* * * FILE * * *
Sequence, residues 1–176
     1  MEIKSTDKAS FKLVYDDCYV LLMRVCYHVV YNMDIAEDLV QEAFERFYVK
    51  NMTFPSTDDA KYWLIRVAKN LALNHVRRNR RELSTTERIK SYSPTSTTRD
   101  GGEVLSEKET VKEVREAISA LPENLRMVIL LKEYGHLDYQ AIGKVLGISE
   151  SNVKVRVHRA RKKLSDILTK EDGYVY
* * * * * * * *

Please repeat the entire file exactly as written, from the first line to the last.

Sequence, residues 1–176
     1  MEIKSTDKAS FKLVYDDCYV LLMRVCYHVV YNMDIAEDLV QEAFERFYVK
    51  NMTFPSTDDA KYWLIRVAKN LALNHVRRNR RELSTTERIK SYSPTSTTRD
   101  GGEVLSEKET VKEVREAISA LPENLRMVIL LKEYGHLDYQ AIGKVLGISE
   151  SNVKVRVHRA RKKLSDILTK EDGYVY